Wonderbound dance artists  Sarah Tallman and Damien Patterson rehearse for "Gone West." (Photo: Amanda Tipton)

Wonderbound dance artists Sarah Tallman and Damien Patterson rehearse for “Gone West.” (Photo: Amanda Tipton)

Wonderbound is celebrating the essence of Denver in its final production of its 2013-2014 season with Gone West.

The story takes place at a campground, with the interpersonal dynamics of the characters as the groundwork for Garrett Ammon’s choreography. Michael J. Henry of Lighthouse Writer’s Workshop wrote new poetry for the piece, and Denver musician Ian Cooke composed new work, for a collaborative feast only Wonderbound can produce.

I chatted with Cooke and company seamstress Rachael Kras about their involvement in the ballet, and their perspective on the evolution of creating new work.

{Dd}: Some of this music includes lyrics. Tell me about them. Did they already exist?

Ian Cooke: Many of the songs already existed, and Garrett listened to them and choreographed to them. There are several new songs that were written for the ballet. Most of those are instrumental, but the lyrics in the ones with words are about people adapting and surviving rough times by working out their differences and respecting the earth.

{Dd}: Are they based off of notions you had when you saw the dancers in rehearsal? Expand on the creative process with this ballet.

IC: I’ve really enjoyed being able to come sit at the keyboard during rehearsal and compose with all the beautiful and talented Wonderbound Hares in the same room doing what they do best. Working in a new space is always good for sparking creativity. It’s so different from siting at my piano at home.

I’ve been so inspired at Wonderbound that in one week I had three new song ideas just pour out of me. That’s saying a lot, because I’m the sort of musician who takes months, sometimes years, to write songs.

My inspiration for Gone West comes from the relationships humans have with each other, and with the earth. I think periodical exposure to raw, unfiltered nature gives us clarity and helps us sort out our issues. Nature can be harsh, but even when it causes traumatic events, it helps us evolve. Developing this theme with Wonderbound and Michael J. Henry has been a joyous process. I feel that telling this story together through dance, poetry, and music is one of the best, most human ways to do so.

Seamstress Rachael Kras had the task of dressing the dancers for a campground themed ballet, which was also a chance to showcase a bit of mountain flair and Denver city style.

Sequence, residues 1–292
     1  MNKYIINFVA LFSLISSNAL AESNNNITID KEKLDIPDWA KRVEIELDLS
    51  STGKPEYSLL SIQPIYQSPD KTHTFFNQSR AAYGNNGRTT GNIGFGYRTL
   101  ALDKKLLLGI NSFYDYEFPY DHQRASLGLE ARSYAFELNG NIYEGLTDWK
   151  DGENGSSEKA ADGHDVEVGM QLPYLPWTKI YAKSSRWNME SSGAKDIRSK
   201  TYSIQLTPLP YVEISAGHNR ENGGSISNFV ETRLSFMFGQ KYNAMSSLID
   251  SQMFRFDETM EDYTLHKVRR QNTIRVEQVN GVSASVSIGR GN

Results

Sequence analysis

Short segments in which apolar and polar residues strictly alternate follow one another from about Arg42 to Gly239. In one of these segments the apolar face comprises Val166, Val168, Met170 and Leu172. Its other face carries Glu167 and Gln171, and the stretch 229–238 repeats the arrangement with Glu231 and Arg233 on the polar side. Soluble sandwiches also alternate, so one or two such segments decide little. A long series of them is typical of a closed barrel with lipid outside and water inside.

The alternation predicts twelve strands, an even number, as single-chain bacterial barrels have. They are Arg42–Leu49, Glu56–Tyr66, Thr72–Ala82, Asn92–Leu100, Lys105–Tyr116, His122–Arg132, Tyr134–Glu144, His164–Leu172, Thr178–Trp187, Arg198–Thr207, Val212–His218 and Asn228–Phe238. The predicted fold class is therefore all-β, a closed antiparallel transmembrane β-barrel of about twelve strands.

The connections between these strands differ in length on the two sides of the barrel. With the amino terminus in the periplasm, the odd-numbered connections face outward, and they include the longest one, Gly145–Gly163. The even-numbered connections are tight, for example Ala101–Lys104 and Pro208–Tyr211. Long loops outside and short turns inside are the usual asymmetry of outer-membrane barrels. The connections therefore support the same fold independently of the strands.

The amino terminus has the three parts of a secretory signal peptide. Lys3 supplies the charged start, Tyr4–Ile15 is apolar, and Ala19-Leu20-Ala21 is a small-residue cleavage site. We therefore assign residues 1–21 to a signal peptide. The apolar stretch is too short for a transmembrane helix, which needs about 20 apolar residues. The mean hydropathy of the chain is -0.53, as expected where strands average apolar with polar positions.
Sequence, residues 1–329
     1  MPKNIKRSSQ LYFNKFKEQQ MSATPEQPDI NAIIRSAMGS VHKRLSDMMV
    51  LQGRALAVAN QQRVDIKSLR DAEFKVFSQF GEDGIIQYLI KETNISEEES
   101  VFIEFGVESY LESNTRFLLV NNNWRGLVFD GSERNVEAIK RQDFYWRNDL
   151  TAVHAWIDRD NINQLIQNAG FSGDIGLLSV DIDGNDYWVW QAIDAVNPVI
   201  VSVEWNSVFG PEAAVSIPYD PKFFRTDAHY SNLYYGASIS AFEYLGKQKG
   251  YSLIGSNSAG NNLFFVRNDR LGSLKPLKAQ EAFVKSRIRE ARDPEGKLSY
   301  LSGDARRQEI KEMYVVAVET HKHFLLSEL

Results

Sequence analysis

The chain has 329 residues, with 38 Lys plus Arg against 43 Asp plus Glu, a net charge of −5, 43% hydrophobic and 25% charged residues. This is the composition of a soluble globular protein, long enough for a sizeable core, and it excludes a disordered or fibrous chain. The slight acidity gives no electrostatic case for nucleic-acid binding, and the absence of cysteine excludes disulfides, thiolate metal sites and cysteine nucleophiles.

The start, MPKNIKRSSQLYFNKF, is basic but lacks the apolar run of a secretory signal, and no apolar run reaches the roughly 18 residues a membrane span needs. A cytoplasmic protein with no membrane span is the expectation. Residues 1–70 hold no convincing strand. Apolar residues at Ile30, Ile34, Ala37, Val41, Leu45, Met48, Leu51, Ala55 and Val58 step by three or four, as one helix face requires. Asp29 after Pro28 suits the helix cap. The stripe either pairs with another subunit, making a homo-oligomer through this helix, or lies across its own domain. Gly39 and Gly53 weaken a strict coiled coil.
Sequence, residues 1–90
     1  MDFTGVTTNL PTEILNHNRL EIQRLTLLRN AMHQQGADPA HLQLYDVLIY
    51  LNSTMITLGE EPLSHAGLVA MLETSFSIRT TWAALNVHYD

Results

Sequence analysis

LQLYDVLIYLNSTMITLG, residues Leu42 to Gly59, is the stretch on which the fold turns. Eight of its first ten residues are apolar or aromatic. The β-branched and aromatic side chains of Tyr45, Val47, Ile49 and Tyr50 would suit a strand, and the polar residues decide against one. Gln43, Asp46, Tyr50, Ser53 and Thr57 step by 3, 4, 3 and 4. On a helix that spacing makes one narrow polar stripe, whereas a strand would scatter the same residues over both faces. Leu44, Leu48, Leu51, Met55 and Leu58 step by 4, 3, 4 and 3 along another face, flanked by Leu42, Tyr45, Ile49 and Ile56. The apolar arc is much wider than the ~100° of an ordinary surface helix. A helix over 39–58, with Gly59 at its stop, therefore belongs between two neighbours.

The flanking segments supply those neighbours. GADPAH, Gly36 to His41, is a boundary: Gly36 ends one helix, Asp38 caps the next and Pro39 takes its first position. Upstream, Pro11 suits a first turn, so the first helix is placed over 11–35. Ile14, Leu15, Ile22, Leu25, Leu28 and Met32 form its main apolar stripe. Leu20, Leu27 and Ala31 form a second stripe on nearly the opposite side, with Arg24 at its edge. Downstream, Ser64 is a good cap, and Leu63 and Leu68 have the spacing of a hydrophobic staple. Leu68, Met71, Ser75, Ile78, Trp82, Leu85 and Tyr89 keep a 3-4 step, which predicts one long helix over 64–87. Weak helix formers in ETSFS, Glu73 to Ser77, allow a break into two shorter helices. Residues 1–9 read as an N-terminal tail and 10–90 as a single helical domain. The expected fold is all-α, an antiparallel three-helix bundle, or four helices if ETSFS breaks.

{Dd}: What do you think Denver’s fashion scene is? 
Rachel Kras: As costume designer, I’m more aligned with costume versus fashion for sure. But as far as the fashion sense here in Denver, from my perspective, it’s wonderfully diverse. We’ve got a little bit of everything here. I can usually tell from a person’s clothes what their profession is, what they like to do in their free time, what their personal beliefs/habits are, and generally where they hang out. I feel like Denver is in this wonderful pocket of isolation between LA, NYC, and Chicago, that allows our local fashion and culture to evolve on it’s own. So often I’ll see an article of clothing and I think; “Oh that’s so Boulder” or “Oh that’s so Colorado.”
{Dd}: How did you incorporate that distinct culture into the costumes?
RK: The costumes for Gone West are an exercise in stereotype, parody, private jokes, and real experiences based on things the production team and myself have seen in Colorado. When I go camping and hiking here, I get a chuckle out of observing what people wear to participate in different activities. You see everything from people who are ‘appropriately’ dressed to those who look like they are ready to spend the day at the mall. I really wanted to capture that aspect in this show. We have the Italian American family that look like they are ready to board a yacht in Miami Beach; the hippie dad and the modern hipster kid; the conservative family where the dad has some military influences to his clothes; and the fly fishing couple who are dressed the most appropriate for the outdoors. To top it all off, there are the teens who can’t possibly be bothered to change into something more correct for nature-based activity. In addition to the more fun ‘inappropriate’ clothing, I’ve also incorporated a lot of Columbia PFG, REI and Under Armor into the costumes.

We always have a little twist in Wonderbound shows. So for some Garrett Ammon magic, we have our outlier in Sarah Tallman who represents a fairy/earth nymph/mother nature type character and narrates the show. Michael J. Henry’s inspiration for the poetry in Gone West is loosely based on Shakespeare’s The Tempest. So as a nod to that, I created a 16th-century Elizabethan corset and added silks and tatters for Sarah’s look. It’s finished off with a modified, anachronistic puff-vest that is a fashion staple here in Colorado. I think if we could put her in hiking boots and still have her dance we would!

It’s been really fun and challenging to get all of these elements into the show within the very stylized color palette. And then of course, it’s all been modified to accommodate for our amazing dancer’s range of movement and choreography. I hope the audience gets a kick out of it as much as I have.
Catch the final weekend of Gone West April 12 and 13  at Parker Arts, Culture and Events Center. For more information, visit Wonderbound.com or call 303.292.4700.

Written by Erica Prather

Erica Prather

Erica Prather has been published in Redbook Magazine, The Denver Post, Travel Trade, 303 Magazine, and a variety of blogs. She has danced since the age of five, and, when not involved in the Denver arts scene, spends a large majority of her time in a Microbiology lab.